John was best man in a wedding not too far from here, so they arrived about one. Seeing them was a blast, but the trip was too short and I was a little tired. We took the requisite tour of the business school and wandered Harvard Square (after I insisted on stopping in Toscanini's for ice cream) and then headed to the North End for a yummy dinner. There was so much more to talk about, but by 10 p.m., I was wiped out an in bed.

And so today? Well, today, I'm beat. And as I said, I don't feel like blogging. But the louder Adam's moans become the less I want to go back into the living room, so I guess I'll find some other way to putz around in here. I hope your baseball team is doing better than his.

Thursday, May 15

The Road Not Taken Is Actually Filled with Boring Potholes

For about five minutes at the beginning of the school year, I regretted not following my former manager’s advice and applying to business school myself. After all, how tough was it? Adam was busy cutting out cards and drawing things. I could do Crimson Greetings. I could excel at Crimson Greetings. But the minute the school year started, that thought fled from my mind. Believe it or not, I actually read a couple of the cases that I thought were the more interesting ones. But over all, I just can’t get passionate like Adam can about making those numbers flow. As I read the cases, all I thought was, “These could be crafted much better. Arg, how can they have missed that comma there?” The feeling was validated when Adam was picking out his classes for next year. This boy agonized. He debated. He spent five—yes, five—hours merely making up a draft. So many wonderful courses to choose from, and he could only take a max of six (although he wisely decided that five was probably more advisable in the fall, given that we’ll have our hands rather full). And he can only rank his classes and then hope he gets his all of his first choice classes (it's a complex system that sounds almost like a football draft). So I took a look at the list, wondering at the world of excitement that HBS has to offer. Do you know how many classes I thought looked interesting to take? Exactly one. That’s it. And can you guess what that class was? “Power and Influence.” A class, I might add, that seems to hold little interest to Adam. He’s much more interested in “Negotiating Complex Deals.” Which pretty much sums us both up right there. Although, I will confess, that neither one of us had any interest in “The Moral Leader,” which is probably why we get along so well.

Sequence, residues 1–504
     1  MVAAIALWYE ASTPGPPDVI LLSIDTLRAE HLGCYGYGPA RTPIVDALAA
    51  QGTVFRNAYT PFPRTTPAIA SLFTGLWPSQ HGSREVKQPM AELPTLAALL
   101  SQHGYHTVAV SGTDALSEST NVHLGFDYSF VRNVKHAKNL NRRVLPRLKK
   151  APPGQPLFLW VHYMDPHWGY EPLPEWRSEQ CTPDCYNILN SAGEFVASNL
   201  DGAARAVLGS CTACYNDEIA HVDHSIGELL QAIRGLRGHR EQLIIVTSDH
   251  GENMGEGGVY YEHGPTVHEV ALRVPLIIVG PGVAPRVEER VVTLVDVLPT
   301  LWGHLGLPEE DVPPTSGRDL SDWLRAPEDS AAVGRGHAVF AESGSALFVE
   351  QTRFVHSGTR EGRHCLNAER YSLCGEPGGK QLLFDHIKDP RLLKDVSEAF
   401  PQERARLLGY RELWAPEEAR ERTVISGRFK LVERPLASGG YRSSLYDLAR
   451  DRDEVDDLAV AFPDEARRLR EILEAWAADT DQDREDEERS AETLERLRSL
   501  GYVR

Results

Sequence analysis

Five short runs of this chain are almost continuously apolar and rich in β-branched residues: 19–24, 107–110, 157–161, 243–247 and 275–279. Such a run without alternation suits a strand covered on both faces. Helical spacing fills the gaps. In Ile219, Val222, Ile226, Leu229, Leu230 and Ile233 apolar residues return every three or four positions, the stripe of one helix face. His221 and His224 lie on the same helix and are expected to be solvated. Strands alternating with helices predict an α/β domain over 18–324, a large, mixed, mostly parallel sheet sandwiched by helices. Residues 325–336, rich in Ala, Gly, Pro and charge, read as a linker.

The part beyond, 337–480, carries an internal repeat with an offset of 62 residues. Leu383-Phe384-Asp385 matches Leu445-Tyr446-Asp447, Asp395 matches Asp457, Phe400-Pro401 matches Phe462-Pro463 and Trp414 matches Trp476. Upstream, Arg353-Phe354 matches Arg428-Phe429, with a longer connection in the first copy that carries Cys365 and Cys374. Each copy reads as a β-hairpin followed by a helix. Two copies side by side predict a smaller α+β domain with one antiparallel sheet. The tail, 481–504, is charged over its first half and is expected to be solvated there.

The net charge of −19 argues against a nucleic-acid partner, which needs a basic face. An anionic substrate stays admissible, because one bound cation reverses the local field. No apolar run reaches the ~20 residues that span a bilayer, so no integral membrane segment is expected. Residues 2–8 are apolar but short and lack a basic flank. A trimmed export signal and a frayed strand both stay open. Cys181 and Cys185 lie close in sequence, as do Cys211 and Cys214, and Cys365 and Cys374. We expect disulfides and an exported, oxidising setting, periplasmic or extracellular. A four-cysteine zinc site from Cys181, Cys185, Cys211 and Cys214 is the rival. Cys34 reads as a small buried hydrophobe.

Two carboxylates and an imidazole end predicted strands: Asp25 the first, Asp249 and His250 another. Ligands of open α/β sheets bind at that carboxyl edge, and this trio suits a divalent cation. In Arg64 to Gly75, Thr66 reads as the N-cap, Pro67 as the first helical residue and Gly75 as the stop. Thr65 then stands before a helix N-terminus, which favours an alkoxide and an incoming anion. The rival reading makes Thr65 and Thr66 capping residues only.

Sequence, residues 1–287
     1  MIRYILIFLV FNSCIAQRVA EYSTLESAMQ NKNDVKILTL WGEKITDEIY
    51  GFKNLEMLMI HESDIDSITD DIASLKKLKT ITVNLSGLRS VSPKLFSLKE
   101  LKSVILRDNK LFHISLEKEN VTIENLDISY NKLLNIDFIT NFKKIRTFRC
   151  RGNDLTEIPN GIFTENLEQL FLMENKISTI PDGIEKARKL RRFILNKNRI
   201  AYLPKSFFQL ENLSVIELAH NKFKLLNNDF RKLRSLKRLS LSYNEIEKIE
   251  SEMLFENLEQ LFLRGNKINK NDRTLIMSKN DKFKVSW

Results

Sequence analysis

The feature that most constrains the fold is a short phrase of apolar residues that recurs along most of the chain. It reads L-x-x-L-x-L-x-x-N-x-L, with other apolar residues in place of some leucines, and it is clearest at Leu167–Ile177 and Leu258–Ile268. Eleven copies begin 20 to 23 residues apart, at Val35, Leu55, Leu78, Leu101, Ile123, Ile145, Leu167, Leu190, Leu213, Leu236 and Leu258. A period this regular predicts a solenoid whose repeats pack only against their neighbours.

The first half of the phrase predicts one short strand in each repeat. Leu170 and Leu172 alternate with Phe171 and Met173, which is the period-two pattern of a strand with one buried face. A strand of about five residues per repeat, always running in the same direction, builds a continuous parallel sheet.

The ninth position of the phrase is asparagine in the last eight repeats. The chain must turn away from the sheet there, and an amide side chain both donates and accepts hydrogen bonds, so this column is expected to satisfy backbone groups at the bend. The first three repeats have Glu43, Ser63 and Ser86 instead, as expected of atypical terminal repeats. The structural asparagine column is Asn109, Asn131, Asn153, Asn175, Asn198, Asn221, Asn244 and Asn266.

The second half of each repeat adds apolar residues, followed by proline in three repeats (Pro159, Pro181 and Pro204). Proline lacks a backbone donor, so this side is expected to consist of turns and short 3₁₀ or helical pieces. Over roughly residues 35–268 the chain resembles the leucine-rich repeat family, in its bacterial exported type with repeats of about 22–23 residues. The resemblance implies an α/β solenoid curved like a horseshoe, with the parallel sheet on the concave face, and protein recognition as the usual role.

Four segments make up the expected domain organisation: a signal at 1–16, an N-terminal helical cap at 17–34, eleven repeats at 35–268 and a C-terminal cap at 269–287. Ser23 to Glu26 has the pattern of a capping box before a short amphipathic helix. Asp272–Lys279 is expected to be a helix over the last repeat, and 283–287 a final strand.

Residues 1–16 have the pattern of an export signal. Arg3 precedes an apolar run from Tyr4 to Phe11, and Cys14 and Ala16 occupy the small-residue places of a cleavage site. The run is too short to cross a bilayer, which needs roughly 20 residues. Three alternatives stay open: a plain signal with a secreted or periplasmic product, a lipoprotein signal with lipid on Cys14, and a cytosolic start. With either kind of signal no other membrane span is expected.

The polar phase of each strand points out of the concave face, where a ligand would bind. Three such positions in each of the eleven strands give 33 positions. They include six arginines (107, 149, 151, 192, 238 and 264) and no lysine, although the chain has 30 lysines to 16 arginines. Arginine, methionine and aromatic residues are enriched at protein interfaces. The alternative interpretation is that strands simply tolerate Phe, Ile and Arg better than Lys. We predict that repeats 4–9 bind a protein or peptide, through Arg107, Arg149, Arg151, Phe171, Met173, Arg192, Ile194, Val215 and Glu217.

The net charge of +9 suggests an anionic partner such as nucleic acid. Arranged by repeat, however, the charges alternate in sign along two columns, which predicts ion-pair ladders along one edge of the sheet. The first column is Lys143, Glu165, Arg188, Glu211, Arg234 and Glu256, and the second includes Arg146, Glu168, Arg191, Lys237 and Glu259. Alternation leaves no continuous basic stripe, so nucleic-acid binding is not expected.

Blog Business

Every now and then I'll check my referral logs and see a new Web site is linking to me. If you have a link to my site, drop me an e-mail (I don't check my logs very often) and I'll add you to my links!

A Long Summer

At 6:43 p.m. last night, Adam finished his final final of his first year at HBS. By 7:03, he was poking around the living room, where I was happily reading my first trashy book of the summer (what is it about summer that makes me crave mindless reads? Thank goodness that the library is well stocked with them. I wasn’t about to pay $22 for The Devil Wears Prada, which is, I’ll admit, kind of fun). He sat down, stood up, walked upstairs, came back down, went into the kitchen, came back out, sat down, got back up, before he finally announced, “I’m bored.” This is Day .025 of his first day of no assignments. Sigh. It could be a long summer.